The embryonic Irish nuclear industry met its demise on the Wexford shoreline over the political furore surrounding attempts made by the Irish government to construct a total of four nuclear power plants to meet the country’s burgeoning energy needs. A brainchild of the market leaning Desmond O’Malley and spurred on by the need for Ireland to achieve some degree of energy self-reliance in the wake of the 1973 Energy Crisis. The project initially found favour as far afield as with the Irish Communist Party who favoured the nuclear option with perhaps an eye towards their Soviet comrades.
Regardless, the Carnsore Point project infamously floundered becoming a cultural and political lightning rod for social discontent in 1970s Ireland.There were additional logistical concerns which all but caused the plans to gradually grind to a halt.
In light of this political debacle as well as the energy situation being eased by access to offshore gas fields and cheap imports the project was mothballed quietly by the early 1980s, never to be taken seriously again. The final nail in the coffin came in 1999 with the enactment of legislation that prohibited the production, though not the consumption of, nuclear energy.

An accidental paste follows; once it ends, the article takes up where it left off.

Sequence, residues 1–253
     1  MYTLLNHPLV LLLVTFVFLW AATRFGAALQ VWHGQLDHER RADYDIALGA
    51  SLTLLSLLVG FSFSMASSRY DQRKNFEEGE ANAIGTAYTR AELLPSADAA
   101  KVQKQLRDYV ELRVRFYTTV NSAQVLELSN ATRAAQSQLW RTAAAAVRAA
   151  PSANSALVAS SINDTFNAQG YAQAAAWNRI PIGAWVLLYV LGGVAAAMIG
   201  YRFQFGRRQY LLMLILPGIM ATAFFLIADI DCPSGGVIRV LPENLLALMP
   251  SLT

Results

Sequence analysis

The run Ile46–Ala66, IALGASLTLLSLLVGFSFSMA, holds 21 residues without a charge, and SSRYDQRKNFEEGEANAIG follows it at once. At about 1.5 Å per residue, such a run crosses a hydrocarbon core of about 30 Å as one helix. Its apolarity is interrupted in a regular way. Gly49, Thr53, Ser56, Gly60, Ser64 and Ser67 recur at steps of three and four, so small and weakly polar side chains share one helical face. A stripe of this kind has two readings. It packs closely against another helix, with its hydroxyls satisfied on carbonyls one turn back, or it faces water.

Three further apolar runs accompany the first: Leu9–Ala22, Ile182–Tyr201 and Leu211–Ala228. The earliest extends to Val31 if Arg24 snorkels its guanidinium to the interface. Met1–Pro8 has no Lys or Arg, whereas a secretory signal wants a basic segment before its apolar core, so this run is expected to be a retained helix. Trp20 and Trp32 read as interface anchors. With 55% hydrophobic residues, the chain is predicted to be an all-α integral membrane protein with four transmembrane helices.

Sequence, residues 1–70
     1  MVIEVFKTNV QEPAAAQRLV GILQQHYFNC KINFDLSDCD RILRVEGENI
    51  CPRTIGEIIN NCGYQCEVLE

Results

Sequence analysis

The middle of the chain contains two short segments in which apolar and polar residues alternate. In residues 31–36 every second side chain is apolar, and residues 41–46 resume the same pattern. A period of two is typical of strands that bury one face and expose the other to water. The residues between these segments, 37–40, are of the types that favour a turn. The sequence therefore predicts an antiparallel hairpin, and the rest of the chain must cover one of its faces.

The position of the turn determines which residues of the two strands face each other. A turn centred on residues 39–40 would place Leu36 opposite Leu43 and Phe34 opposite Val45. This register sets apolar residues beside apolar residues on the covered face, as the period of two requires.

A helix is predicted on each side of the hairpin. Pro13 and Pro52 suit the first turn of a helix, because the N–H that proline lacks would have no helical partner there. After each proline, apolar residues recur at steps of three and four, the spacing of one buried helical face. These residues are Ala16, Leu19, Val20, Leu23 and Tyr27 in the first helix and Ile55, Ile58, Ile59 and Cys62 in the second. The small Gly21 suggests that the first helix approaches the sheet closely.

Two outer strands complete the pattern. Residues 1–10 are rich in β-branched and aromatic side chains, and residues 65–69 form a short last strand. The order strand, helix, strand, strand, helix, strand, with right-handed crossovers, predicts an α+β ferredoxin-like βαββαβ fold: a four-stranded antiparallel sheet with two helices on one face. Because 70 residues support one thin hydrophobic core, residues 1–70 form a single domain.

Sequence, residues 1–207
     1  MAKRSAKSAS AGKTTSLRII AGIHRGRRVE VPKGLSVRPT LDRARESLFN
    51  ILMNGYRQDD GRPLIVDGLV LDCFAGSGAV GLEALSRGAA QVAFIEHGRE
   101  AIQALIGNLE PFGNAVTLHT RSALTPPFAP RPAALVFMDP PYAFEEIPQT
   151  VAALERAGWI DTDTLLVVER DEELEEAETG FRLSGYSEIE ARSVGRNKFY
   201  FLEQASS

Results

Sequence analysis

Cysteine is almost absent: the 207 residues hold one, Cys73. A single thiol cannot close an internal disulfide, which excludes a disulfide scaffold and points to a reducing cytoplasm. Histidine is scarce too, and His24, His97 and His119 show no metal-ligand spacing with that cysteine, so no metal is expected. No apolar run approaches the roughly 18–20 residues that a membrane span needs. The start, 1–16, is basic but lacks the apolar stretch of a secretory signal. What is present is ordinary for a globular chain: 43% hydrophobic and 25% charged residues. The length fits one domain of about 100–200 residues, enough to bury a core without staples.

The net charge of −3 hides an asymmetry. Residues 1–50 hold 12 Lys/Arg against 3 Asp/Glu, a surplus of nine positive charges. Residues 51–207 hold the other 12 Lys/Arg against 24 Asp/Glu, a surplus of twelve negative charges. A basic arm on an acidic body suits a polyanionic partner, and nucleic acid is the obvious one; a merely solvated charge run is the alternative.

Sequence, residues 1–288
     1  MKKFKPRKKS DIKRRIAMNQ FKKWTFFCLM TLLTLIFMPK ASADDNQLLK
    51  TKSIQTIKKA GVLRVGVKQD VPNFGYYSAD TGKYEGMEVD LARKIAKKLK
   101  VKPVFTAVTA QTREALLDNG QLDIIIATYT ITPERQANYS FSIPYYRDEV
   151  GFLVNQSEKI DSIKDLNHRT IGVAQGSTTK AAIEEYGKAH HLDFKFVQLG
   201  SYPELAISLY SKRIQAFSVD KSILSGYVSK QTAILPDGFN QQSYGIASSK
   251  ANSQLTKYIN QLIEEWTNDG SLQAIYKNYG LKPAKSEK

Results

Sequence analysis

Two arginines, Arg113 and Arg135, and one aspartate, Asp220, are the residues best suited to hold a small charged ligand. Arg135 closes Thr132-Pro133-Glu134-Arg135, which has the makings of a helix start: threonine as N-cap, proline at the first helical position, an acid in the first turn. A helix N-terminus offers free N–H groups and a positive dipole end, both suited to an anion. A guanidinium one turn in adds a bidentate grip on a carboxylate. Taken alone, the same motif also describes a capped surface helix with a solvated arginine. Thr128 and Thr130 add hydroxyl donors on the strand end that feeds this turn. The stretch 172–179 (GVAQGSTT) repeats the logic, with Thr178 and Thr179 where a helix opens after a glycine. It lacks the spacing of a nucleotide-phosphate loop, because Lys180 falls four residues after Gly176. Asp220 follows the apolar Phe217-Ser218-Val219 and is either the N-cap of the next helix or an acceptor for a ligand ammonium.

In lieu of pursuing a nuclear strategy the supposedly green-conscious Irish state opted for the creation of mainly coal powered stations such as Moneypoint averaging 4.4 million tons of C02 emitted per annum alone not to mention considerable NO2 emissions is a fact that is often lost on environmentalists.